Howe Gelb – The Coincidentalist
Ah, Howe. I confess to you dear reader that Howe Gelb is one of my most absolute favoritest artists in this wide world of sound makers. In my humble opinion, he has done no wrong. From his work with Giant Sand to, well, basically everything the guy touches, I have been utterly smitten. Howe is one of those artists that just oozes creativity and playfulness. His new album is certainly no exception and might I say that it is another little masterpiece in a long line of little masterpieces. Howe is considered the godfather of that Southwest Tucson sound. Calexico was spawned from Giant Sand. Lord knows how many have been influenced by Howe’s left-field genius. He has this way of combining elements of Americana, jazz, blues, barrelhouse bar rock, and just good old fashioned song into a blend that is at once intimate and confounding. As one reviewer said, if it weren’t confusing, it wouldn’t be a Howe Gelb record. For this one Howe is joined by M. Ward, Bonnie “Prince” Billy, Steve Shelley, Thorger Lund, and KT Tunstall. It is a record that will leave you with a smile on your little face.
David Sylvian – Do You Know Me Now?
Earlier this year Sylvian was asked to participate in an installation by visual artist Phil Collins (not the drummer) called “My heart’s in my hand, and my hand is pierced, and my hand’s in the bag, and the bag is shut, and my heart is caught” (after Genet). Each artist was given access to anonymously recorded telephone conversations from a booth in a homeless shelter in Cologne. The pieces were then played back in listening booths specially designed for the exhibit. I can only imagine how powerful the installation would have been. Sylvian’s lyrics are, as usual, poetic and emotionally provocative without descending into cliched sentimentalism. “The planets high above you/Spun in houses of their own/You were dropped and hit the ground running/But they failed to lead you home”. The two songs on this finely packaged 10″ vinyl release are both absolutely gorgeous, bridging the gap, as Sylvian so brilliantly does, between experimentalism and traditional ballad. Highly recommended.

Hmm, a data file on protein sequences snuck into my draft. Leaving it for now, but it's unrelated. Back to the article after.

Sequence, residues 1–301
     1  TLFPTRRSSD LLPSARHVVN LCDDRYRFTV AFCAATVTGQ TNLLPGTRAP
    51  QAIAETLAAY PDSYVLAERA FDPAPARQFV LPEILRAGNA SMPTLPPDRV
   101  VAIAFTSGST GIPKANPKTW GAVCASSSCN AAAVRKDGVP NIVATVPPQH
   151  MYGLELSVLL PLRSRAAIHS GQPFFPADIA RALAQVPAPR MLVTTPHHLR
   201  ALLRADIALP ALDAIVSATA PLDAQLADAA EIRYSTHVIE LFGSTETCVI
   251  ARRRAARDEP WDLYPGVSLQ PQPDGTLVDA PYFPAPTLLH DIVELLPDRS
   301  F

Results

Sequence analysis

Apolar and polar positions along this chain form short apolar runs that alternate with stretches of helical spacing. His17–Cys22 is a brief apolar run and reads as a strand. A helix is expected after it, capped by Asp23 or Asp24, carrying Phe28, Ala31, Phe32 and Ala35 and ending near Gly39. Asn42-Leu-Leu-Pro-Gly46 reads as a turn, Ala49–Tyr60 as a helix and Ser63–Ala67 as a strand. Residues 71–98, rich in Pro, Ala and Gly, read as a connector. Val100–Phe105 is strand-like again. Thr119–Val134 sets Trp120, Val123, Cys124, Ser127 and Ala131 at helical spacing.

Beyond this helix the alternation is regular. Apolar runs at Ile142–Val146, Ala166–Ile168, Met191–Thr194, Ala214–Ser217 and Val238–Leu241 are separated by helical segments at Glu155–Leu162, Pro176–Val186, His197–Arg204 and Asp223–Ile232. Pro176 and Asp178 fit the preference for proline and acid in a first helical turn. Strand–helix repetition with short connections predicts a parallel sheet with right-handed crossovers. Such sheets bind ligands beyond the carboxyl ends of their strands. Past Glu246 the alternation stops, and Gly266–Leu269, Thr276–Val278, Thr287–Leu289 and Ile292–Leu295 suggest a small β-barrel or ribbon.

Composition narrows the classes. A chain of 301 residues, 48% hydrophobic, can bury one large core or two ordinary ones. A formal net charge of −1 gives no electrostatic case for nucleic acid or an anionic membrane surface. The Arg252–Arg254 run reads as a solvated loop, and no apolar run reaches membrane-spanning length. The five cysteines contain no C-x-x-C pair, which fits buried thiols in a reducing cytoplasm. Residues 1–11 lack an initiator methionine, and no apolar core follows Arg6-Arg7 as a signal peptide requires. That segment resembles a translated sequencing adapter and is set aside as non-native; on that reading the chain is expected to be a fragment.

Ulver/ with Tromso Chamber Orchestra – Messe I.X – VI.X
For those of you that are unfamiliar with Ulver, I say with no hesitation – get thee to a record store! This has to be one of the most interesting bands to come out of the Norwegian black metal scene. Ulver has been nothing if not unpredictable and has never disappointed. Their latest release is absolutely stunning. With more allegiance to Arvo Part or Ligeti than Allagoch or Wolves in the Throne Room, Messe is a study in slow burning symphonic texture. Don’t expect some kind of hybrid beast that attempts to juxtapose symphonic music and metal; this is pure classicism, but with that undeniably Ulver touch of pathos and visceral charge. Gorgeous album.
Nick Cave – Push the Sky Away
To my mind, Nick Cave is the musical equivalent to William Faulkner or Denis Johnson. Since he turned the page on his musical career with Henry’s Dream, Cave has been relentlessly pursuing his particular brand of literary lyricism. Yet we can always count on him to defy expectation. This album, not unlike PJ Harvey’s from last year, is a beguiling tapestry of texture. With a mostly spacious approach, Cave, Ellis, Casey, and Wydler weave beautiful accompaniments to Cave’s lyrics that are quite different from anything we’ve heard before. In fact I might go so far as to say that this may be the most cohesive release in Cave’s long career. There is not time or space here to go into the lyrical content or the fact that Cave’s inspiration came from Wikipedia. I’ll leave that to more capable hands. Leave it at this: this is a spectacular album well deserving of the critical acclaim.
Big Blood – Radio Valkyrie + 1905 + 1917 +
Last but certainly not least comes this fine, fine double vinyl release by a favorite of this here blogger, Big Blood. Colleen Kinsella and Caleb Mulkerin do this particular thing that absolutely no one else does, thus comparison is fruitless. Think what happens at the crossroads of dark appalachia, dream, experimentalism, ritual, and myth. Here is where you may begin to taste a flavor of their voluminous output. Radio Valkyrie, and I do not say this lightly, may just be their most realized album to date. And this is coming from someone who has listened to absolutely everything they’ve released. Perhaps there is a reason that they finally decided to put out a real bonafide Record. They must have surely been aware of the power and perfection of this last recording. Well, they were right. Absolutely brilliant.